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Originally published September 17, 2014 at 6:00 PM | Page modified September 18, 2014 at 9:30 AM

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Amazon expands gadget lineup, offers Fire tablet for kids

The online retail giant adds new Kindle e-readers and Fire tablets to its family of products. But for all the technical improvements and new features built into these devices, one principle remains prominent throughout — price matters.


Seattle Times business reporter

New devices, new prices

Amazon unveiled its latest lineup of tablet and e-readers. Here is the range of devices and the amount they’ll set you back.

With special offers (ads):

Kindle: $79

Kindle Paperwhite: $119

Kindle Paperwhite 3G: $189

Kindle Voyage: $199

Kindle Voyage 3G: $269

Fire HD 6: $99

Fire HD 7: $139

Fire HDX 8.9: $379

Fire HDX 8.9 4G: $479

Without special offers

Kindle: $99

Kindle Paperwhite: $139

Kindle Paperwhite 3G: $209

Kindle Voyage: $219

Kindle Voyage 3G: $289

Fire HD 6: $114

Fire HD 7: $154

Fire HDX 8.9: $394

Fire HDX 8.9 4G: $494

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NEW YORK — The newest version of Amazon’s Fire tablets and Kindle e-readers, which launch next month, will come with the requisite incremental innovations that make the coming generation of the devices lighter and faster.

But perhaps the biggest change consumers will see as preorders begin is the price. Amazon is introducing an ad-supported, 6-inch, high-definition Fire tablet for $99, an inch smaller and $80 cheaper than the lowest cost Samsung Galaxy Tab 4.

“It’s a core tenet of Amazon: Price matters,” said Dave Limp, the Amazon.com senior vice president who oversees the company’s hardware business. “Our goal there is to pack as much processing power into as low a price as we can.”

The new batch of devices isn’t just focused on low prices. Amazon is also adding a higher priced Kindle e-reader, the Kindle Voyage, with a 300-pixels-per-inch screen that is the sharpest yet. The highest-price version of the Voyage, which comes with wireless connectivity, will sell for $269 without ads

“A lot of our customers are focused on us inventing,” Limp said. “To invent often requires a higher price point because you are going to try to push the edge of technology.”

Amazon revamped its lineup, introducing six devices — three new Fire tablets and three new Kindle e-readers — which it showed off Wednesday at a media briefing in New York. All the new devices can be preordered now, with delivery in October.

The company also updated the operating system that runs its Fire tablets, which includes the ASAP feature it has on its Fire TV devices. That feature anticipates videos customers might want to watch and preloads them so they’ll stream faster.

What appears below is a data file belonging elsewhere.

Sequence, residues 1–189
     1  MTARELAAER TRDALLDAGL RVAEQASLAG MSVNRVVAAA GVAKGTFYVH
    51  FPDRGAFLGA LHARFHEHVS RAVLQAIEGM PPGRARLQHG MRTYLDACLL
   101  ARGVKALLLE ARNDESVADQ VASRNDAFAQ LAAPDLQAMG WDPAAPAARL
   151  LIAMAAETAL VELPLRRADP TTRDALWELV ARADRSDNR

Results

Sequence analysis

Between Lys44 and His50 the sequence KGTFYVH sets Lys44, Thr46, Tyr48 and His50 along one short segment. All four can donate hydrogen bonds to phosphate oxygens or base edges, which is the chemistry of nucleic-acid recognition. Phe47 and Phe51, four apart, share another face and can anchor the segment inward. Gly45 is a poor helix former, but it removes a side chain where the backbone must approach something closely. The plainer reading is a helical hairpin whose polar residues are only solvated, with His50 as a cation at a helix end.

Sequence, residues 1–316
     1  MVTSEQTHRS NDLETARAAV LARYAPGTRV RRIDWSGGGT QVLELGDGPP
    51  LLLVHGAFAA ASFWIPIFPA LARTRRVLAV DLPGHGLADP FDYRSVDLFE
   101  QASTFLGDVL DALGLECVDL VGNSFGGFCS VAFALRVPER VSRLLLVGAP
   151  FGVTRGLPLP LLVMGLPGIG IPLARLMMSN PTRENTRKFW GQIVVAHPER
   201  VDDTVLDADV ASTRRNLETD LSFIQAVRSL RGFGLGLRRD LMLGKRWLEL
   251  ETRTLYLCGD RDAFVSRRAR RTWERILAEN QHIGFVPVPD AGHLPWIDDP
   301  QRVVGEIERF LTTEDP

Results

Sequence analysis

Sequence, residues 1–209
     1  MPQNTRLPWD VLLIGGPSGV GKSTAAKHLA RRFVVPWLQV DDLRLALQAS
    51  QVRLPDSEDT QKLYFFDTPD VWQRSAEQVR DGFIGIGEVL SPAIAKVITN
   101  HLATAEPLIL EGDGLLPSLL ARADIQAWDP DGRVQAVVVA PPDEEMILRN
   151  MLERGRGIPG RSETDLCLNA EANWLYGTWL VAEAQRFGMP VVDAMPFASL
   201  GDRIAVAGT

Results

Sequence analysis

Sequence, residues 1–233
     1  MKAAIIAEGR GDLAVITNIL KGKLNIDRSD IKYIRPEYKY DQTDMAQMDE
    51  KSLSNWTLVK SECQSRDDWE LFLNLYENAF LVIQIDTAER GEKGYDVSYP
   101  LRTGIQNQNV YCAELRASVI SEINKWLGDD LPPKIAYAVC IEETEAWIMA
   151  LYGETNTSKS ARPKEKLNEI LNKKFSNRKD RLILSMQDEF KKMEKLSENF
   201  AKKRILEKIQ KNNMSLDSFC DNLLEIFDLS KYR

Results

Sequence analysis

And Amazon debuted the Fire HD Kids Edition, a lower cost Fire tablet that comes with a two-year warranty to replace the device if it’s broken, no questions asked.

“If your child breaks your tablet, you get a new one. It’s that simple,” said Nate Glissmeyer, a director at Amazon Devices.

The new offerings include a faster Fire HDX 8.9, the priciest and most powerful tablet Amazon makes. The latest version, which starts with an ad-supported model at $379, includes 339-pixels-per-inch screen plus something Amazon calls a “Dynamic Light Control” chip. It automatically adjusts the color of the display to make the digital pages of a book more closely resemble the way paper appears in different light.

Amazon has also integrated Dolby’s Atmos surround-sound technology, the first time the technology has been included in a tablet.

The company also debuted the Fire Keyboard, a $59.99 Bluetooth keyboard that comes with a trackpad. The keyboard, at $54.99, connects magnetically to Amazon’s updated Origami cover for storage.

At the lower-priced end of the Fire devices, Amazon has expanded its offerings. A 6-inch version starts at $99, while a 7-inch version starts at $139. Each comes in five color options.

Amazon says its lower-cost devices can beat the specifications of other low-cost tablets. It ran a demo of a video-game benchmarking program on the HD 7 that showed the frame rates surpassing those on the more expensive Samsung Galaxy Tab 4.

“Customers always want low-price points,” said Peter Larsen, vice president of Amazon Devices. “But if you get down to those low-price points, you trade things out.”

The HD Kids Edition, which includes the two-year warranty, also comes with one year of Amazon FreeTime Unlimited, a subscription plan that includes youth-oriented content, including the Harry Potter books and some “Sesame Street” videos. Kids can re-watch programs and reread books over and over with the service.

Kids Edition on the HD 6 will cost $149 and on the HD 7 will cost $189.

The new Kindle Voyage, at 7.6 millimeters thick, is the thinnest e-reader yet. Amazon has etched the cover glass on the device so that it diffuses light, making it easier to read in bright daylight.

The device also includes a new feature called PagePress, a force sensor on the right and left bezel that readers can push to turn pages.

Readers can still tap the screen to turn pages as well.

The midrange Paperwhite edition, which Amazon sells for $119, comes with more storage that the current version as well as sharper screen resolution. And the base model Kindle, which sells for $79, now has a touch-screen.

Jay Greene: 206-464-2231 or jgreene@seattletimes.com. Twitter @greene



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